Despite not promoting itself as an ‘artist training’ facility, Signal is offering opportunities for its participants to gain industry experience. Through its Signal Curators program, young people will have the chance to visit and learn from other local arts organisations over a seven-month period. The intent is not just to develop knowledge of professional practice, but for participants to return to help curate and deliver the ongoing series of programs at the venue.

This type of program shows foresight, because one of the problems that youth organisations can encounter is what to do with participants once they reach the ‘upper age limit.’ Rather than automatically losing participants when they become ‘too old,’ it is very important for new youth organisations to identify ways to retain and re-engage these members in different yet rewarding ways. So far, Kanis writes that feedback in the program has been positive, with participants “pleased they have the opportunity to be engaged with a range of Melbourne’s arts organisations and experience how they work.”

Of course, some organisations, artist-run initiatives and collectives thrive on being ‘homeless.’ However, to promote youth engagement it is particularly important to provide a stable and dedicated space. Young artists benefit from having a space that is not only welcoming and comfortable, but one that is solely dedicated to their pursuits, which they can inhabit and make their own. Many creative youth projects are obliged to use existing spaces and venues, sharing with other community groups and having to ‘pack up the hall’, to make room for the next night’s activities.

Too often the arts—particularly in the context of local government—are bundled together with ‘leisure’ and ‘lifestyle’ activities. The value of a venue like Signal is that it reinforces for young people the idea that art and culture are vital forms of self-expression, and can be more than a pastime or hobby, if they want.

Signal’s programs of workshops are run by practising artists, while another aspect of artist engagement is achieved through its strand of high-profile, site-specific commissions. The inaugural recipient was Philip Brophy with his piece 10 Transforming Youths, a graphic animation that explores the physical and aesthetic processing of ageing and transformation, reflecting society’s cultural and commercial obsession with youth. Ten young figures—all resembling contemporary visual phenomena like internet avatars, anime characters and advertising graphics—gradually track across Signal’s external screens until they each morph into older, decrepit and sometimes grotesque versions of their stereotypically youthful alter egos.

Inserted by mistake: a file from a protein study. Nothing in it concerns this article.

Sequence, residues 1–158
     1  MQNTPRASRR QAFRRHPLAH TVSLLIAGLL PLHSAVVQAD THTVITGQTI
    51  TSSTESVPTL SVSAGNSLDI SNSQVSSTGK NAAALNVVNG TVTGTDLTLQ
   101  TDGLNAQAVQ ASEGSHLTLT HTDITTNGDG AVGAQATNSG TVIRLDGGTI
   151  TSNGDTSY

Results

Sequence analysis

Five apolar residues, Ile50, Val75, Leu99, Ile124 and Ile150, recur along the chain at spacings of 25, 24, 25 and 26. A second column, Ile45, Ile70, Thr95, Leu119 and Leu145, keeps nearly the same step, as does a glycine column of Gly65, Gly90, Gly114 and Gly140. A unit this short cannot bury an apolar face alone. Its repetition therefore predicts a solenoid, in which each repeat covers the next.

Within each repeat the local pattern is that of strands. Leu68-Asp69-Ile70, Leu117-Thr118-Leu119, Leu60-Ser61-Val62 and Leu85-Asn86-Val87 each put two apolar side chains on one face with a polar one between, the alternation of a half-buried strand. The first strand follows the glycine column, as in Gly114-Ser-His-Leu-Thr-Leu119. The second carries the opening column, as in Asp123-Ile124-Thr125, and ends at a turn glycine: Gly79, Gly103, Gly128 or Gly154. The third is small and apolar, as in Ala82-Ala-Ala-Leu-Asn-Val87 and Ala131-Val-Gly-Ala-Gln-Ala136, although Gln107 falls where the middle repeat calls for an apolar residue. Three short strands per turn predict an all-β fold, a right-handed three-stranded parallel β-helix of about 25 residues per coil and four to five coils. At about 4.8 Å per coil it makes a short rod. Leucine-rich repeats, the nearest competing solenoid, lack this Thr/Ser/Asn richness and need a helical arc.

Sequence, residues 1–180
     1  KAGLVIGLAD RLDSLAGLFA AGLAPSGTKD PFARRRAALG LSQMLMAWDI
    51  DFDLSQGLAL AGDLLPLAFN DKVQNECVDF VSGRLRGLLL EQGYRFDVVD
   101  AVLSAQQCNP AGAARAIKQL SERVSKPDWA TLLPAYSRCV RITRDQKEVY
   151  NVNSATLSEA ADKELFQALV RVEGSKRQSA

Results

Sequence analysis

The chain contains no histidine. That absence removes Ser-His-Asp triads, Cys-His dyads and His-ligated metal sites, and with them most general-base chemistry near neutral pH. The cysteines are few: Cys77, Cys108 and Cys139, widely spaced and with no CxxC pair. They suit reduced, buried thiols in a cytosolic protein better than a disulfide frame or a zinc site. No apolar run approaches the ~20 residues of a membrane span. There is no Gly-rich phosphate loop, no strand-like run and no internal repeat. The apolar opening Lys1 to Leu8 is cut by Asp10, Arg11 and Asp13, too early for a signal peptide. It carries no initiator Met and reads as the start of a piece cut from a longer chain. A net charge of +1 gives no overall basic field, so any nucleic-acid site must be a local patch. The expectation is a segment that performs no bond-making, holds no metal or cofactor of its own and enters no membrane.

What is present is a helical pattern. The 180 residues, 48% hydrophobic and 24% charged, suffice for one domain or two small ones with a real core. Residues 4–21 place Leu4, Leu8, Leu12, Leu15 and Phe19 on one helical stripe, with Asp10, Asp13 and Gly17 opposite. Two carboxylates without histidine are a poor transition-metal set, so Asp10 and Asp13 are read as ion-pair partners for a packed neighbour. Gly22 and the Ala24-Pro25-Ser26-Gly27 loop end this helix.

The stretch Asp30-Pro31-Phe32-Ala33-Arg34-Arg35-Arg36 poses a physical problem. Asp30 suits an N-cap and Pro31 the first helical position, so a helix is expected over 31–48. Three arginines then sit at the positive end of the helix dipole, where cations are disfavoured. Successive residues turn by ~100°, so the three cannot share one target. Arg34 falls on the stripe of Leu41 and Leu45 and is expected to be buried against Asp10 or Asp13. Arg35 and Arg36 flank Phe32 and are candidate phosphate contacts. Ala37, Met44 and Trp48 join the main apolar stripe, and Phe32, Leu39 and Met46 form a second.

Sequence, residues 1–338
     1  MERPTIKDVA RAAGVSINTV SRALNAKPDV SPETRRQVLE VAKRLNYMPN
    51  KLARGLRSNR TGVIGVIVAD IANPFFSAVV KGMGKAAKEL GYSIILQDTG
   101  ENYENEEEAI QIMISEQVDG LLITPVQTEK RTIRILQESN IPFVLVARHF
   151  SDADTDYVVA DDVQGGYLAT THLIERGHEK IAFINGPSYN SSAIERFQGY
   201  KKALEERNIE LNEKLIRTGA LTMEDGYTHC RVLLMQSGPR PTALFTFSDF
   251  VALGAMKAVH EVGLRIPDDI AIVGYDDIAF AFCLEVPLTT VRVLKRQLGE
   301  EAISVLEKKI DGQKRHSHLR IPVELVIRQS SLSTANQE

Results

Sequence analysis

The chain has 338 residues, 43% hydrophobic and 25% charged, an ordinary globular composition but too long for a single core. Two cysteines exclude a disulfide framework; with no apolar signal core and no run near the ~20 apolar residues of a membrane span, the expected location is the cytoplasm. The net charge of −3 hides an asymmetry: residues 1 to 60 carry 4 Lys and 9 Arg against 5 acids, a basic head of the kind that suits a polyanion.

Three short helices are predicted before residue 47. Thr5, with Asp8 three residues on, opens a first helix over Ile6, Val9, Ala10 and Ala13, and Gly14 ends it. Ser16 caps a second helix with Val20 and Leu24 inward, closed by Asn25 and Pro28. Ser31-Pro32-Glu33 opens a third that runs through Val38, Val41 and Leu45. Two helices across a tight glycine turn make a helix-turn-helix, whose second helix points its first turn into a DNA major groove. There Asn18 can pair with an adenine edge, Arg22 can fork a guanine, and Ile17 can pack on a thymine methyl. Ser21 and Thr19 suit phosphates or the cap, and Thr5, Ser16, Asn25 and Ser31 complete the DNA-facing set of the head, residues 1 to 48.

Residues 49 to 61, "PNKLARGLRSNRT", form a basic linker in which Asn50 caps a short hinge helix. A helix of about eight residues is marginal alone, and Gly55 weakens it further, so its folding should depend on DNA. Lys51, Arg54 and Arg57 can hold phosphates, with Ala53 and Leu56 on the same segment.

These Signal commissions fulfil at least two important functions. They allow young participants to experience outstanding creative practice in the same setting in which they themselves are creating artworks. Secondly, the program has been an important way to inaugurate the space and raise its profile within the broader arts community. Signal has also presented curated programs for the 2009 and 2010 Melbourne International Arts Festivals, an important gesture that recognises youth art as being not at the periphery of established arts practice but rather an important contributor and participant in the broader dialogues within Melbourne’s art community. It will be interesting to see if Signal can establish its voice in the dense Melbourne artscape.

Signal, Flinders Walk, Northbank, Melbourne (behind Flinders St Station towards Sandridge Bridge); signal@melbourne.vic.gov.au

http://.www.melbourne.vic.gov.au/Signal/Pages/Signal.aspx

http://www.philipbrophy.com/projects/10transyouths/background.html

RealTime issue #99 Oct-Nov 2010 pg. 25

© Kate Warren; for permission to reproduce apply to realtime@realtimearts.net

12 October 2010